Avoid diatribes and discuss matters that better the lives of Kenyans – The Standard

A past political rally at Garissa Primary playground [File]
Whiffing and encouraging contempt has heightened into a general pursuit. Lately, our pregnant political speeches wound profoundly and extensively. It has turned into a double-edged sword of sorts that oftentimes embarrasses the orator as much as it scandalises the target. Thus, there is no secret that tolerating our pretentious violence occasions serious damage, not only to the target of our rhetoric but also our national fabric. In fact, this position violates the letter and spirit of laws and the Constitution.
Chapter Six of the Constitution deals with leadership and integrity of state officers. Article 73 provides that authority assigned to a state officer is a public trust to be exercised in a manner that is consistent with the purposes and objects of the Constitution; demonstrates respect for the people; brings honour to the nation and dignity to the office; and promotes public confidence in the integrity of the office.

Illustratively the guiding principles of leadership and integrity include competence and suitability. Ensuring that decisions are not influenced by nepotism, favouritism, other improper motives or corrupt practices is the crux of the matter. Public interest, demonstrated by accountability to the public for decisions and actions coloured by discipline and commitment in service to the people should be the motive of politics and governance. This is the standpoint from whence foul language and utterances must be mirrored.
There’s inherent dignity in every individual and it’s the duty of the state to have that dignity respected and protected. No person should be subjected to any form of violence from either public or private sources whether physical or psychological. As a result, any cruel, inhuman or degrading language is abhorrent to the democratic way of life that We the People of Kenya, painstakingly chose as our cradle. 

Catastrophically, political leaders and the privileged class through our nation gamely go for cut-rate language and discourse when appealing and selling their agenda to the voters. Cut-rate discourse is only likely when we cesspit our opponents of their worth. We declare our faith in preserving each person’s value and self-respect until we discover that they are disagreeable or disgusting. In which case, we guise ourselves under the shelter of any political umbrella around which to caucus and secure our incantation.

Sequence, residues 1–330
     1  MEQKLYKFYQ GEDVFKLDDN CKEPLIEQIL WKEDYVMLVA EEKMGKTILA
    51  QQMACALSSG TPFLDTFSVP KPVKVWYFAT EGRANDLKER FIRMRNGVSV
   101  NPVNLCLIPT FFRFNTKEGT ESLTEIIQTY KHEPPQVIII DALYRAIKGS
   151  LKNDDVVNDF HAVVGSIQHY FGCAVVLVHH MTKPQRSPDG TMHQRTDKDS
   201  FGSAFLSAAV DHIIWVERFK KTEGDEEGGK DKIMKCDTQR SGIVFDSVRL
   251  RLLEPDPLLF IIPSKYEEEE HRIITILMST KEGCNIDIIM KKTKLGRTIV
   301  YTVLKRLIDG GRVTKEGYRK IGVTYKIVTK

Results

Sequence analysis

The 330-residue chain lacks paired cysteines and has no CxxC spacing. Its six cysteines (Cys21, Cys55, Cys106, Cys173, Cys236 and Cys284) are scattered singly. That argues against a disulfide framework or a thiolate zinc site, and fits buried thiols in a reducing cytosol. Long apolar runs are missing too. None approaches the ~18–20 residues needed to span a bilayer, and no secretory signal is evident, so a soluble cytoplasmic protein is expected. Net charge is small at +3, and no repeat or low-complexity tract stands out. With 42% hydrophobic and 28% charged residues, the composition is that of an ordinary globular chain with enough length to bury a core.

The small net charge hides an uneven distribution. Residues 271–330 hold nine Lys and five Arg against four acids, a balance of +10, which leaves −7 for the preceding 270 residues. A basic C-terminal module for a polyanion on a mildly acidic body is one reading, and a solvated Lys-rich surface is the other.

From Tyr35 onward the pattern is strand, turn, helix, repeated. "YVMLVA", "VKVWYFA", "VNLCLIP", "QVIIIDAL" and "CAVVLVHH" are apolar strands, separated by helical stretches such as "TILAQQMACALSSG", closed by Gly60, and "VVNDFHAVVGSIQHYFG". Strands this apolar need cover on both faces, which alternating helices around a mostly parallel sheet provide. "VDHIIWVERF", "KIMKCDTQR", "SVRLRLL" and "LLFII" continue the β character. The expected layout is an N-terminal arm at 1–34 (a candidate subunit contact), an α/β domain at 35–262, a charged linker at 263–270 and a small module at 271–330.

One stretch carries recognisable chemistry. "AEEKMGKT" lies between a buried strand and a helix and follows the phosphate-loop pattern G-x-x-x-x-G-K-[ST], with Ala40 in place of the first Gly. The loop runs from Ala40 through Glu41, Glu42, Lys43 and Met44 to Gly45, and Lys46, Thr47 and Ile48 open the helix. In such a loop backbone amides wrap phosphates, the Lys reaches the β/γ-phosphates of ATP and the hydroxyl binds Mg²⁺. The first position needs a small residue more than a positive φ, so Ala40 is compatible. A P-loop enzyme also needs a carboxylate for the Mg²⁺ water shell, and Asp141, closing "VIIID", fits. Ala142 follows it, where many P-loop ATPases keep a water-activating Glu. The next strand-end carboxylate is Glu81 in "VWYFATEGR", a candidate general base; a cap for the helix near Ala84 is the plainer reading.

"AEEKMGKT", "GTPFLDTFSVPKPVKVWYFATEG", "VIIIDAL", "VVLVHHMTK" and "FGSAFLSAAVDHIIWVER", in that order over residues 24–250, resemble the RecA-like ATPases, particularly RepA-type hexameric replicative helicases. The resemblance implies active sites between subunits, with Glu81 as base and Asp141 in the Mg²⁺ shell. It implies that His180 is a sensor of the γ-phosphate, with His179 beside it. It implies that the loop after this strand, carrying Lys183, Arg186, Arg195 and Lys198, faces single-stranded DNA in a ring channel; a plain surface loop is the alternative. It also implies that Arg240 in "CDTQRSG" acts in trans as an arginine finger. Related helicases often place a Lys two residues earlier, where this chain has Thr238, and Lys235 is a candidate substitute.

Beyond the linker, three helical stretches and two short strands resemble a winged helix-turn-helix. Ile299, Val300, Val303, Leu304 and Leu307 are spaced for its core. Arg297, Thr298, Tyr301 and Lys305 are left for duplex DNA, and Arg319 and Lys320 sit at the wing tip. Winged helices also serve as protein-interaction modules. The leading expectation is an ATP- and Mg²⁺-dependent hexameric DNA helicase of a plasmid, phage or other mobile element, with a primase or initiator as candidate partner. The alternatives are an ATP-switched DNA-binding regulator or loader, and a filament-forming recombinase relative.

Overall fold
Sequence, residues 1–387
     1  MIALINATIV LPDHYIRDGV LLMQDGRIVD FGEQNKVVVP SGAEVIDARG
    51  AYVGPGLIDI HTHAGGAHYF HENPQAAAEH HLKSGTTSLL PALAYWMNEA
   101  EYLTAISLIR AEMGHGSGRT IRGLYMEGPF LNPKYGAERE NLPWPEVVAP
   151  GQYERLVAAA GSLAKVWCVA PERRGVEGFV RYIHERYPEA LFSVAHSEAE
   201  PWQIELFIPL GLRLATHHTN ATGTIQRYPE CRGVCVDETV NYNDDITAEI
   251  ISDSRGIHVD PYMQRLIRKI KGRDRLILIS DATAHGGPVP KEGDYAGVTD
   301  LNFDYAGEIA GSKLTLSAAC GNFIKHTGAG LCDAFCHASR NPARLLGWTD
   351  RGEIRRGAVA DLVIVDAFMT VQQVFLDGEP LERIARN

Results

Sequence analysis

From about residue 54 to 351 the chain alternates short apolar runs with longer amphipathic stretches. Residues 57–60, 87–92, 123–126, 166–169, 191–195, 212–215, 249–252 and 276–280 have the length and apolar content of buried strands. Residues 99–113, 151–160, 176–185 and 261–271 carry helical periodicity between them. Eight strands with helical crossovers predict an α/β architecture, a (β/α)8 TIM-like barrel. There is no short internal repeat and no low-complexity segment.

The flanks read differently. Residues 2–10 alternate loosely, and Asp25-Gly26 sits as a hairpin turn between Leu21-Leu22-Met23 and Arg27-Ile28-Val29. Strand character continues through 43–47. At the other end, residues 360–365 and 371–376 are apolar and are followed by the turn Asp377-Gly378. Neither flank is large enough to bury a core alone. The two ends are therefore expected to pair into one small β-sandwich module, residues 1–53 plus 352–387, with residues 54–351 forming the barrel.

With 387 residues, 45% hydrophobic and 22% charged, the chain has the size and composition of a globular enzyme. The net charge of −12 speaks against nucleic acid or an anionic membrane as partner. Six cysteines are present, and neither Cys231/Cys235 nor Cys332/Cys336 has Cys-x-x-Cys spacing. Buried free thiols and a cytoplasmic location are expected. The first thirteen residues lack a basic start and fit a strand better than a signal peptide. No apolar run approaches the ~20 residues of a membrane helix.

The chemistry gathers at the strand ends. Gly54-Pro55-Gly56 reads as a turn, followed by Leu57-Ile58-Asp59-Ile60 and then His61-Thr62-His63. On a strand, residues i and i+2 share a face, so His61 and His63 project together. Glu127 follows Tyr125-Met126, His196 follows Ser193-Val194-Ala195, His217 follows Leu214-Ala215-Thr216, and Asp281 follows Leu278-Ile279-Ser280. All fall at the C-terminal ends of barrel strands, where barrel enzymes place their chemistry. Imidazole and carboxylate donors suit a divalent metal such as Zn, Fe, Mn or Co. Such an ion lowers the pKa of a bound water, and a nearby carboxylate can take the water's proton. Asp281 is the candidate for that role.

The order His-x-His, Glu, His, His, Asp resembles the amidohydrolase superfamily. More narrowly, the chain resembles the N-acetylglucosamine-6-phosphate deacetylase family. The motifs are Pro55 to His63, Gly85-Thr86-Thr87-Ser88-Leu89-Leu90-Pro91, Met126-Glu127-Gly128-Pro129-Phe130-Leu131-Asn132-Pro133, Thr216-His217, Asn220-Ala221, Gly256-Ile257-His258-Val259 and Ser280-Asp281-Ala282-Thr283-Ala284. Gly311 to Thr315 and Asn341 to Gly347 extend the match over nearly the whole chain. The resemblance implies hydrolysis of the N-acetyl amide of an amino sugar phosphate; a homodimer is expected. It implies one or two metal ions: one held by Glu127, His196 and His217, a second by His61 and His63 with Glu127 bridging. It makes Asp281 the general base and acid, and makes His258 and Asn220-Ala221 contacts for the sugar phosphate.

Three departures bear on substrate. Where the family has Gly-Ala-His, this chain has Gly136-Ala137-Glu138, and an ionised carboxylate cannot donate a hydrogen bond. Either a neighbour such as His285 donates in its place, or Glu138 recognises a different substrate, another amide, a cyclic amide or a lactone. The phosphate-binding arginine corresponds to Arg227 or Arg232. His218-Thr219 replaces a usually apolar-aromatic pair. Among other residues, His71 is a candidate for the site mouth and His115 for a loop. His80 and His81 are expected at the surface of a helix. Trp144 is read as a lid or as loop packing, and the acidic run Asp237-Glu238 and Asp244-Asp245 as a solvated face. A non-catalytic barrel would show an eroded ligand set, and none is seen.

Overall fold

Abuses, insults and other invectives have become a celebrated political norm in Kenya. If loose comments including ‘you are not my size’, ‘madoa doa’, ‘I’m old enough to be your father’ or ‘if we could rig election results before, we can in the upcoming elections as well’ were not in bad taste, the entertained and ostensibly receptive gathering was even more disquieting.
There is need to cut across any political persuasion to always keep in mind the fact that falling prey to tropes of humiliating our political challengers is not the same as disagreeing with them.

It’s important to remember that no one can completely domesticate the tongue. It’s an agitated organ, bursting with lethal toxins. With it we bless and with it we curse. The little tongue is mighty in its compelling annihilation. Our corrupted patois exposes our polluting nature.
Plentiful of our political speech, from the right, left and centre, leaks the culpability in our hearts spread by the spewing malice on our tongues. In struggling to openly label the wrongs in our opponents, we effortlessly uncover our guilt.
Restructuring power is the central theme and postulation of a democratic way of life; thus, let’s engage in public matters and discourses that better the quality of the lives of Kenyans. Let’s recommit ourselves to walking in truth, of stewarding the power of our tongue in a manner that fertilises love towards our neighbours.

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